# Optional Practical: Rotational dynamics (Algodoo)

### Introduction

In this exercise Algodoo will be used to simulate the rotation of a rigid body. The idea is not to test if the simulation gives the expected result (it will) but to reinforce the theory learnt in class.

### Building the rigid body

To make the analysis simple a the body used will be a particle on the end of a light rod.

• Open a new scene in Algodoo choose blueprint as this will enable you to position the objects more accurately.
• Show the grid and switch off gravity and air resistance.

• Untick "snap to grid". If you don't do this you will only be able to draw objects that fit the grid lines.
• Use the box tool to draw a rectangle 5m long and 0.2 m wide, double click and tick "ruler" from the "appearance" options.
• In the materials options set the mass of the rectangle to 0.001 kg.

• Using the circle tool draw a circle of radius 0.2 m and set its mass to 100 kg.
• Attach the circle to the 1m line on the rod using the "fixate tool".
• pivot the rod at the 3m mark using the "axle tool".
• Test to make sure everything moves freely by running the animation then giving it a push with the "drag tool".
• Reset the simulation so the rod is horizontal again

### Applying the Torque

In the lab we apply a torque using hanging masses and pulleys but in the simulation we will use a rocket.

• Attach a thruster to the 4 m mark on the rod. Position it so that it points vertically (to adjust the angle finely move the cursor outside the circle)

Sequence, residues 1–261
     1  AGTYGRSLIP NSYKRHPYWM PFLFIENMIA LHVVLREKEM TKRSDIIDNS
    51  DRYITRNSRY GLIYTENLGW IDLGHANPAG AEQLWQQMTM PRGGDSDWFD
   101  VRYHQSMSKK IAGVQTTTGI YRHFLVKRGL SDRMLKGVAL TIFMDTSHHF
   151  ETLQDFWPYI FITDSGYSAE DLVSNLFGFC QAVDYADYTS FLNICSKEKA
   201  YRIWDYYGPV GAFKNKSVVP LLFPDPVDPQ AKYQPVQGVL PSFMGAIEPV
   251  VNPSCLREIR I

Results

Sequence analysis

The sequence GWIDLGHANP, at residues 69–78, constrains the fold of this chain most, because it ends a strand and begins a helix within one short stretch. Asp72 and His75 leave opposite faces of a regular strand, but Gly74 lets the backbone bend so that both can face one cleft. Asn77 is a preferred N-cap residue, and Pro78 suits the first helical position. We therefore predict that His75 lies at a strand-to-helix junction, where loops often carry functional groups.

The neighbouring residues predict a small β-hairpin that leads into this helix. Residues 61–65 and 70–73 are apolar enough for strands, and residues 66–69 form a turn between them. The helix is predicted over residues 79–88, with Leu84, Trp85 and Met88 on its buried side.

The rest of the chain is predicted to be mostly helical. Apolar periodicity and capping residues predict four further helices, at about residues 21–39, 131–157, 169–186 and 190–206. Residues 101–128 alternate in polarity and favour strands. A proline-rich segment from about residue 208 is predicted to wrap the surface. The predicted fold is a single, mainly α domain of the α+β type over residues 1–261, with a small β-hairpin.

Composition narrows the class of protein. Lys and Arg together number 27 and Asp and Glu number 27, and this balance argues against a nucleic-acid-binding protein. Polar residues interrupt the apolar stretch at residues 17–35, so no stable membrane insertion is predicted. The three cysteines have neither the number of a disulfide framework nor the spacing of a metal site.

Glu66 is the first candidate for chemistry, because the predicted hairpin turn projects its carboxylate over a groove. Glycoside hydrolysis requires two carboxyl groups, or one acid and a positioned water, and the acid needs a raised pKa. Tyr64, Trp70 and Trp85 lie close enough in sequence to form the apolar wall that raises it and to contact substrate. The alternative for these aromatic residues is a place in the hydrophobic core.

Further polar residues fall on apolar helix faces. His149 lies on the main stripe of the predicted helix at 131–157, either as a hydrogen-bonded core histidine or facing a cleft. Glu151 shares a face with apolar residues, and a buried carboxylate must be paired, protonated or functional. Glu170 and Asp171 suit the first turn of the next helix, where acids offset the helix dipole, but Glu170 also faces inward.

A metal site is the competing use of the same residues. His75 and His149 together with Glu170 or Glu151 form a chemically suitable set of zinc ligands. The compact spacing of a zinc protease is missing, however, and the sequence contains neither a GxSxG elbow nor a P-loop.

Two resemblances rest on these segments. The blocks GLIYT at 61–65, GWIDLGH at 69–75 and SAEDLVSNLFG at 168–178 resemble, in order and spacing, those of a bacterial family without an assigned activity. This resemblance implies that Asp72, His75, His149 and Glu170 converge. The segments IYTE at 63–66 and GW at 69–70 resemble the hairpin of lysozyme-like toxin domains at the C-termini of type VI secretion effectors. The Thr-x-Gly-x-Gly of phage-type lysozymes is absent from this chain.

• Set the force to 10 N by double clicking the thruster.
• Tick "thruster follows geometry rotation" so the rocket rotates with the rod.

### Investigation

• Use your knowledge of rotational mechanics to calculate the angular acceleration of the body.
• Double click the rod and from the "plot" options plot a graph of angular velocity against time, from the gradient find the angular acceleration and compare it to your calculation. If not the same check your calculations and adjust the simulation so that the values agree.
• Reset the simulation then run it so that the rod rotates 180°.
• Calculate the work done by the Torque.
• Use the angular velocity vs time plot to find the final angular velocity.
• Calculate the KE of the body and compare your answer with the work done.
• Adjust the position of the Torque and circle and repeat.
• Try other more complicated bodies.
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